Events that Delight

Our Agency

Elevate your Event with Thrum

Event planners invest a significant amount into branding, advertising, and registration for a conference or gathering. We pay attention to signage, who’s on stage, and (of course!) the food and drinks. It all matters so much to our event’s success. Then, when it’s all over, we send out a basic survey that few really want to take, so we know little of what people really thought about our events, how to make it better, and avoid the same mistakes next year. And, as Thrum’s event research has shown, roughly half of the attendees won’t return for the next event – and we don’t know why. 

We invite you to let Thrum take care of your survey process. We’ll show you how your attendees think, feel, and move during the event and show you which groups of attendees resonated with what part of your event and which groups started to unplug from the event after your first main session and why. 

Don’t throw money at aspects that don’t matter.
You’ve devoted so much to your event; guard that investment by partnering with our team at Thrum and let us help you make your event stand out in a world of events and conferences. A Thurm project will pay for itself because you’ll know where to spend less and how to appeal to more attendees.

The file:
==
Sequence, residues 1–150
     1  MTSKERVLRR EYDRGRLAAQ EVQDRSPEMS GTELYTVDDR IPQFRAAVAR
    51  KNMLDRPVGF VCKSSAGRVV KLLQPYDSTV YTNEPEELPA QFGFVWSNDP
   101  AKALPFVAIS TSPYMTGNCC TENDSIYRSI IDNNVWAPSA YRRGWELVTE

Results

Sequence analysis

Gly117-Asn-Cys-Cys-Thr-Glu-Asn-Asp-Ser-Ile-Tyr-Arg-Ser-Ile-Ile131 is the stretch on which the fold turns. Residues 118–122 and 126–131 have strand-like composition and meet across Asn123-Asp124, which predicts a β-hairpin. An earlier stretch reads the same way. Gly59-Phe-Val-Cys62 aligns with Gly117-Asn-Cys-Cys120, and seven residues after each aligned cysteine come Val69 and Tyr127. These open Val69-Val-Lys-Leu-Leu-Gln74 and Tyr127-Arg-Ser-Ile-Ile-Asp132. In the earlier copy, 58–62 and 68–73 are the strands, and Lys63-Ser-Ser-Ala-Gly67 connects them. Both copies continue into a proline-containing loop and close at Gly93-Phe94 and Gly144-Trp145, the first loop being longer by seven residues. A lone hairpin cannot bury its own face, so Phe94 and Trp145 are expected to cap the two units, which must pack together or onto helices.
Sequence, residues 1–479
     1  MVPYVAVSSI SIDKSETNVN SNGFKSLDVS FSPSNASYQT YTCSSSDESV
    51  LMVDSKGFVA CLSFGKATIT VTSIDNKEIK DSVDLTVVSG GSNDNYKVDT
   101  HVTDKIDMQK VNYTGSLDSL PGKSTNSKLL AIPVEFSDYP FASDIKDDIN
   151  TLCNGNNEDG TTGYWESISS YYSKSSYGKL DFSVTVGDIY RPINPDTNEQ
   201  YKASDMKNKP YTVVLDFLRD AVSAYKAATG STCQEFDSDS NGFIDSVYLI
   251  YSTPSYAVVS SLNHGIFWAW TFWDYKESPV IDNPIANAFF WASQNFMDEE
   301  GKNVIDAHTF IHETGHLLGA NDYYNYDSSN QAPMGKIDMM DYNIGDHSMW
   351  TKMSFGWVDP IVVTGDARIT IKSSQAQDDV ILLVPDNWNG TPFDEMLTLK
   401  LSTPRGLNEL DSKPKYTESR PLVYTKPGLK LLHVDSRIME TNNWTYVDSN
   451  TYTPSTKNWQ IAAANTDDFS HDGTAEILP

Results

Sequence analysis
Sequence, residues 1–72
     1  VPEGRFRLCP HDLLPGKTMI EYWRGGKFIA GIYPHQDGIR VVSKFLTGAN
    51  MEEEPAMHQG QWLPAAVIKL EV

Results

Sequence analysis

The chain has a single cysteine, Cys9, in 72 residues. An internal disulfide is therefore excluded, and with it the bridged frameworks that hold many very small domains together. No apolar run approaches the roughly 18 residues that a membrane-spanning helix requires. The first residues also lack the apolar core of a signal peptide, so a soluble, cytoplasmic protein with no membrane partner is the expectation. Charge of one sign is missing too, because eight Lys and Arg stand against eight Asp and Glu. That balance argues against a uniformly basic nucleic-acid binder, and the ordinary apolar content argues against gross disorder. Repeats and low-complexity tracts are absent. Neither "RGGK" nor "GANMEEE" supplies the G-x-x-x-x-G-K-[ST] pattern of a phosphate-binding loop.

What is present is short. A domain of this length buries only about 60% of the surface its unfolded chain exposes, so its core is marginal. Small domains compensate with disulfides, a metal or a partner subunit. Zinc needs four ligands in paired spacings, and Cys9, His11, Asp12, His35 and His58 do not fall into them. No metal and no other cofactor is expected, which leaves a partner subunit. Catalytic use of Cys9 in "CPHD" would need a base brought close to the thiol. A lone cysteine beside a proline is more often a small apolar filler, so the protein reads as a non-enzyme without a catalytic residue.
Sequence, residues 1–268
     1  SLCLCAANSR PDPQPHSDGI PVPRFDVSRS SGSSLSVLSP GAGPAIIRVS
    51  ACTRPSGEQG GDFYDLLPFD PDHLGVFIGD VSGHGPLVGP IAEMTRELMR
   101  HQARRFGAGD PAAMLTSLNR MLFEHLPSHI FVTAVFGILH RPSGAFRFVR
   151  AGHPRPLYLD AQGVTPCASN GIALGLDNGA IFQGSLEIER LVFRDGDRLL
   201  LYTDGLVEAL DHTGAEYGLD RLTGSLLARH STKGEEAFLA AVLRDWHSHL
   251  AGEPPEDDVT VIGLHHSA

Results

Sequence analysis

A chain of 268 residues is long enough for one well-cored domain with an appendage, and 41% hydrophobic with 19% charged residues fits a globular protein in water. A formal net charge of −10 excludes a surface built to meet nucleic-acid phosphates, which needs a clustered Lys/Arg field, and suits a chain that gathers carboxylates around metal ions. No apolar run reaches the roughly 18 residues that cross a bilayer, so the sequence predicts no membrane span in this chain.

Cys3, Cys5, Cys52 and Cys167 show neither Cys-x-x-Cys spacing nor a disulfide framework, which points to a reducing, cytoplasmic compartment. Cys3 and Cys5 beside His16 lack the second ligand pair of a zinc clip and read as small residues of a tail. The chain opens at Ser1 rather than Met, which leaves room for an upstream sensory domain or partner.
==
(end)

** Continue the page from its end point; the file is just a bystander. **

Discover What Attendees Applaud

Attendees interact with conference/event programming differently. The traditional approach to event evaluation treats the crowd as one and misses large segments of those in attendance. This is especially true of often marginalized people, whom many of us want to include and give voice to. Audience members are motivated by different things, and we all “vote with our feet,” applauding various elements by giving them our enthusiastic attention. 

And some of our guests are frustrated and disappointed… maybe even offended or angry. Worse, some might be bored. 

What if you could know ALL of this? What if you had in hand the insights that told the story of how all attendees and vendors experienced your event? How valuable would that be as you look to future years’ budgets and programming decisions?